I understand that Shabbat begins at sunset on Friday, but I noticed that the candle-lighting time on the calendar is about 18 minutes before sunset. Why?


Strictly speaking, Shabbat begins at sundown, and from that time on it is forbidden to perform certain activities (including lighting Shabbat candles).

However, based on the language the Torah employs regarding Yom Kippur, the sages of the Talmud learned that there is actually a mitzvah to add a few minutes to the Shabbat, both before it starts and after it ends. This is called tosefet Shabbat, “adding time on to Shabbat.” According to most, this is biblically mandated.1

Not only does bringing in Shabbat early ensure that we will not accidentally miss the start time and perform forbidden work on Shabbat, it also demonstrates our affection for the Shabbat. We go out to receive the Shabbat even before she arrives, and accompany her out when it comes time for her to leave.

Different communities have different customs as to how much time to add on to Shabbat, ranging from about 15 to 40 minutes. The most prevalent custom is to light the Shabbat candles 18 minutes before sunset. Here’s why:

Roasted Fish

In Talmudic times, it was the custom to blow six shofar blasts before the onset of Shabbat. After blowing the third blast, it was time to light the Shabbat candles. Afterward, they would wait “the time it takes to roast a small fish” (which could theoretically be one’s last preparation before Shabbat) and then blow the final three blasts, indicating the onset of Shabbat and that all work was forbidden.2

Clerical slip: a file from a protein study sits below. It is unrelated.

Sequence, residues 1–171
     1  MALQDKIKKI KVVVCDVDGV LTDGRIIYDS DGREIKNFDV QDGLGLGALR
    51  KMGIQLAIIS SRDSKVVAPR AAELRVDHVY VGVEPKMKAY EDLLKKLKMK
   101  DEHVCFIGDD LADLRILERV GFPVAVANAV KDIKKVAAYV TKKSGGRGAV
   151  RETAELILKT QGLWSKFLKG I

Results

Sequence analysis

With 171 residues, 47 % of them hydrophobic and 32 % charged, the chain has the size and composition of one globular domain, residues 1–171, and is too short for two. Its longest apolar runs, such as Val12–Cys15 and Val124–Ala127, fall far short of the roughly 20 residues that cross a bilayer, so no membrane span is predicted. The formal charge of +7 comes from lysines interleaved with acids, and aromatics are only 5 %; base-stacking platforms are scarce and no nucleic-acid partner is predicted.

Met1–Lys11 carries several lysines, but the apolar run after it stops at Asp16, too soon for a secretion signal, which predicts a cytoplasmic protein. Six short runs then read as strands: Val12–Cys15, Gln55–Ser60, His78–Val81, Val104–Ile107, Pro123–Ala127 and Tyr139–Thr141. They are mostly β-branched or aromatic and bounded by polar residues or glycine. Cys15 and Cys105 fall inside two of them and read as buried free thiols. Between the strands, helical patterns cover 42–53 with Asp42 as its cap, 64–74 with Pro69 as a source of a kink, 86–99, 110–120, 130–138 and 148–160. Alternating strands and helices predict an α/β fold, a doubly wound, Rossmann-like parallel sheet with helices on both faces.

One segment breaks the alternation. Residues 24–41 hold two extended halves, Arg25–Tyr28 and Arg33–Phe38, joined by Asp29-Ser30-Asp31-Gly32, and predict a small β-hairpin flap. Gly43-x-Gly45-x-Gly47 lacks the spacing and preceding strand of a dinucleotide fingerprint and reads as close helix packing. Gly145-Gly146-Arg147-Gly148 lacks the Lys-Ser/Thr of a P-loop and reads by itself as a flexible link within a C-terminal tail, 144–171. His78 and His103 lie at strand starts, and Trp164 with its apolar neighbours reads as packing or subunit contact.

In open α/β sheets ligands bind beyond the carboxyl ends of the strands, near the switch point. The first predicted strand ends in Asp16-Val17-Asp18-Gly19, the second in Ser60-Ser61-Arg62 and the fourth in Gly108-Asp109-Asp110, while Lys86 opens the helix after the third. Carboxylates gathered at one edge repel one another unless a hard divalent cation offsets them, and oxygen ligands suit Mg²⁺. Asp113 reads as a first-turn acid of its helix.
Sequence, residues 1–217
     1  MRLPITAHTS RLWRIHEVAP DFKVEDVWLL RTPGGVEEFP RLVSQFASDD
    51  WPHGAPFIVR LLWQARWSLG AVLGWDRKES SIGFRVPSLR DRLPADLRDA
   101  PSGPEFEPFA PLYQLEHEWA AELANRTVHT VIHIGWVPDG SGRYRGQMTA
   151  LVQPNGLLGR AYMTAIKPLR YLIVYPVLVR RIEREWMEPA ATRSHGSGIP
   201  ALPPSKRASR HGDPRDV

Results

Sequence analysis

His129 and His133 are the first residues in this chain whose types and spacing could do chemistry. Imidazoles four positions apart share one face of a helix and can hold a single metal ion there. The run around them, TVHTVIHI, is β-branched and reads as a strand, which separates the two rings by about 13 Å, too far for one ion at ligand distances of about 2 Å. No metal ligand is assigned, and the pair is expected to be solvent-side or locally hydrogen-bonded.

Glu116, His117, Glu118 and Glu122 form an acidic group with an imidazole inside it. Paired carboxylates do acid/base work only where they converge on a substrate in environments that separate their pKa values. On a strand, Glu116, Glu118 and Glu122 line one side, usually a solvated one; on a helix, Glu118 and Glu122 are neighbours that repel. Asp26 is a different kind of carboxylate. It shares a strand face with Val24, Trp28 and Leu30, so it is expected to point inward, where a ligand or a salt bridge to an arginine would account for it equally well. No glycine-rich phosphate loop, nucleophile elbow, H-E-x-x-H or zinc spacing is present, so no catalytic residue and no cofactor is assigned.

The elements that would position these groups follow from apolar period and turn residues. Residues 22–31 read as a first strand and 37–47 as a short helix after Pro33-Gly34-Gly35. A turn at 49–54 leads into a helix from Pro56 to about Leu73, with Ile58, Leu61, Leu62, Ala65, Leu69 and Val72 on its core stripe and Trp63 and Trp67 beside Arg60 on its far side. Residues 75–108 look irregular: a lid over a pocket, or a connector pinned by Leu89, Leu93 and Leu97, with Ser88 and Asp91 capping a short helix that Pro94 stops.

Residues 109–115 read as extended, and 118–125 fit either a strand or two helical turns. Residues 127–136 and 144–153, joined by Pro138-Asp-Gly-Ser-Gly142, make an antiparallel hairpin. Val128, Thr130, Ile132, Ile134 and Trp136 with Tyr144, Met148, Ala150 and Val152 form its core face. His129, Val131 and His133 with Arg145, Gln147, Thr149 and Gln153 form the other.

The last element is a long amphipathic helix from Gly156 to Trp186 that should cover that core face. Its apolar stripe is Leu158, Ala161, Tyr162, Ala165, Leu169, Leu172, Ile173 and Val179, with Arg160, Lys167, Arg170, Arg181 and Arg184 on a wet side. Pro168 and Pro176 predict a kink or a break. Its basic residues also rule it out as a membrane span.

So the time it takes to roast a fish is the same amount of time that candle-lighting should precede sunset. Well, how much time is that?

In a different context, the sages establish that the time to roast a small fish is the same time it takes takes to walk a mil,3 a halachic measurement related to the Roman mille passuum, which is one thousand paces. Well, how much time does that take? Somewhere between 18 and 24 minutes. Since the smallest number given is 18 minutes, it became the custom to light the Shabbat candles 18 minutes before sunset.4

Start of Shabbat

Others explain that the custom of lighting 18 minutes before sunset is in deference to the Sefer Yere’im (authored by Rabbi Eliezer of Metz, 12th century), which holds that Shabbat itself actually begins “the time it takes to walk ¾ of a mil” before sunset.5 As mentioned, opinions vary on the length of time it takes to walk a mil, but if it is a biblical injunction, then we go according to the largest figure, 24 minutes, so ¾ of a mil would then be 18 minutes.

Although the halachah follows the opinion that Shabbat starts at sunset, out of respect for the opinion of the Sefer Yere’im we light the Shabbat candles 18 minutes prior.6

Accepting the Shabbat Early

The custom is that when the women light the Shabbat candles early, they usher in the Shabbat for themselves, and desist from all forbidden work until after Shabbat. However, other household members who do not light candles themselves don’t yet accept the Shabbat until a bit later, and are free to continue in “weekday mode” almost until Shabbat begins (at sunset) or until they accept Shabbat upon themselves earlier before sunset (e.g., through praying the Shabbat prayers anytime after Plag Haminchah). Those who already lit Shabbat candles may ask someone who did not yet accept Shabbat to do labor that they themselves may not do.

It is important to note that even someone who does not accept Shabbat early by candle-lighting may not wait until the last moment, and must accept the Shabbat a bit before sunset.7

When we add to Shabbat, we are essentially taking time from the mundane workweek and transforming it into something that is holy. This reflects the entire purpose of creation—making the mundane world into a more spiritual and holy place.